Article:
Elaine Terranova grew up in Philadelphia, the daughter of Nathan and Sadie Goldstein, and studied at Temple University, graduating in 1961 with a bachelor’s degree in English. While working as a manuscript editor for J. B. Lippincott & Co., she attended Vermont’s Goddard College, earning a master’s degree in 1977. Her career shifted from editing to education, and she taught English and creative writing at Temple University until 1987.
Terranova developed a passion for writing poetry and began publishing her works while continuing to teach. Her poems have appeared in various publications including The New Yorker, The American Poetry Review, Prairie Schooner, Virginia Quarterly Review, and Ploughshares. She has also published several books of poetry, including The Cult of the Right Hand (Winner of the American Academy of Poets’ Walt Whitman Award for 1990), and Perdido, (2018) with the next, Rinse, is forthcoming in 2023.
On September 20, 2022, Temple Libraries was pleased to host a reading by Ms. Terranova, followed by a conversation between her and Rebecca Alpert, professor of religion emerita at Temple. Alpert was was among the first women in America ordained as a rabbi, at the Reconstructionist Rabbinical College in 1976. Her primary field of study is American Judaism in the twentieth century, focusing sports, race, and sexuality. View a video of that program.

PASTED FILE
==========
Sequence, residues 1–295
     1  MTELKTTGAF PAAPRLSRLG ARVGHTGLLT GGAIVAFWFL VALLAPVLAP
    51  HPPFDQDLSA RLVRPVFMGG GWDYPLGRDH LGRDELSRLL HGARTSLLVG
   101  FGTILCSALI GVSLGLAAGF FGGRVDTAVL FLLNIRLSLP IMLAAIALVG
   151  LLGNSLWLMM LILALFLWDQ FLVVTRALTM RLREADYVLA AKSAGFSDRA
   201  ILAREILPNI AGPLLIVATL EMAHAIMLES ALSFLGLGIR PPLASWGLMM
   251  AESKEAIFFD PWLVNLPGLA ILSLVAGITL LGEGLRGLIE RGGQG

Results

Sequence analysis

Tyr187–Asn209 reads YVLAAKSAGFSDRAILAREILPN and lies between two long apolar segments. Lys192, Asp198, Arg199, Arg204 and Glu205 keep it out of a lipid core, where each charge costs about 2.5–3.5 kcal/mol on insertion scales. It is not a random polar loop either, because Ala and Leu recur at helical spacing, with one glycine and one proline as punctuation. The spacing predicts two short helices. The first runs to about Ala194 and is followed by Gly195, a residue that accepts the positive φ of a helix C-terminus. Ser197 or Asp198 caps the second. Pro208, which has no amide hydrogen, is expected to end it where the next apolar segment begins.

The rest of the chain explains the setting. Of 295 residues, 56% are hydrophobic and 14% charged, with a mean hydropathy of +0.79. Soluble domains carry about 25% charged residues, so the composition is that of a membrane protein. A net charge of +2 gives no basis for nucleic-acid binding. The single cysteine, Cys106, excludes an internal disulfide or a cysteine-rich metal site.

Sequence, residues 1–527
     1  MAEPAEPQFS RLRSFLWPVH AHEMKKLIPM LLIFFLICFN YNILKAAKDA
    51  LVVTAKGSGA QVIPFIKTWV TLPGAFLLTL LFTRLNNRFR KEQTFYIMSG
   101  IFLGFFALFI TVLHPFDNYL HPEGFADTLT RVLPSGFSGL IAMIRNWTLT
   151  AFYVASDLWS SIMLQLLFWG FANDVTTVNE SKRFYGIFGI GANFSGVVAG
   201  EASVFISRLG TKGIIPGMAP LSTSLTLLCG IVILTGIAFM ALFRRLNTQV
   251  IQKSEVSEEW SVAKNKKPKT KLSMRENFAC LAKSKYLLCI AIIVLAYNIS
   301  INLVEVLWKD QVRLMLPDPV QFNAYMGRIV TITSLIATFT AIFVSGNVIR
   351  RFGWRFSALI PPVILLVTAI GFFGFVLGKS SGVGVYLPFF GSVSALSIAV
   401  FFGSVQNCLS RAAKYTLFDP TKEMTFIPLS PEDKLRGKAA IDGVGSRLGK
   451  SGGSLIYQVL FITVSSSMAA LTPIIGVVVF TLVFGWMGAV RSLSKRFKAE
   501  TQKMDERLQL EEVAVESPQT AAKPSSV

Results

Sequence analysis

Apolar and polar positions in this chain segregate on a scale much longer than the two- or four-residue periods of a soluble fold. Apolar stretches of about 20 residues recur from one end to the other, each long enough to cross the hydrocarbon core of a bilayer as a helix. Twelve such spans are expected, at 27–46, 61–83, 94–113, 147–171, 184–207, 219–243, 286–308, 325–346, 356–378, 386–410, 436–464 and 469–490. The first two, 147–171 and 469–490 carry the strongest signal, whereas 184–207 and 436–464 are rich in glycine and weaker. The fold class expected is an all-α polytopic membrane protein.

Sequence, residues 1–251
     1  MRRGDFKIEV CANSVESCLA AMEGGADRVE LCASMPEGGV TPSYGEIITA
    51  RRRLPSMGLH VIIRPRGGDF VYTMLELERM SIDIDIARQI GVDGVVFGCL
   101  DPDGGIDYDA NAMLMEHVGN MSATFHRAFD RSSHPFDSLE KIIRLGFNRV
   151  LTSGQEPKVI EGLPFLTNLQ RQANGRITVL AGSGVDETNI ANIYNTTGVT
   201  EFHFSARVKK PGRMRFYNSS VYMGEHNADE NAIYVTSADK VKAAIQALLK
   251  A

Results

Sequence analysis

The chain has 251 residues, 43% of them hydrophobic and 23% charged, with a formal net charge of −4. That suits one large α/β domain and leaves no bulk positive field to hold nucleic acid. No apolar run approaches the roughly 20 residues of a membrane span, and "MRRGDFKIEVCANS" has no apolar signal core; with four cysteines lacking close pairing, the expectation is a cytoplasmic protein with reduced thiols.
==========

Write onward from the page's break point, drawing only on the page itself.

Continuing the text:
On October 6, Temple University Libraries Book Club is discussing her memoir The Diamond Cutter’s Daughter, Princeton, NJ: Ragged Sky Press, 2021, about growing up in Philadelphia.
The Special Collections Research Center celebrates Ms. Terranova’s life and work with a pop-up exhibit in the reading room in Charles LIbrary. The exhibit, up for the month of October, presents a small sampling of material from her papers, which she donated to the Libraries in 2020.
–Margery Sly, Director, SCRC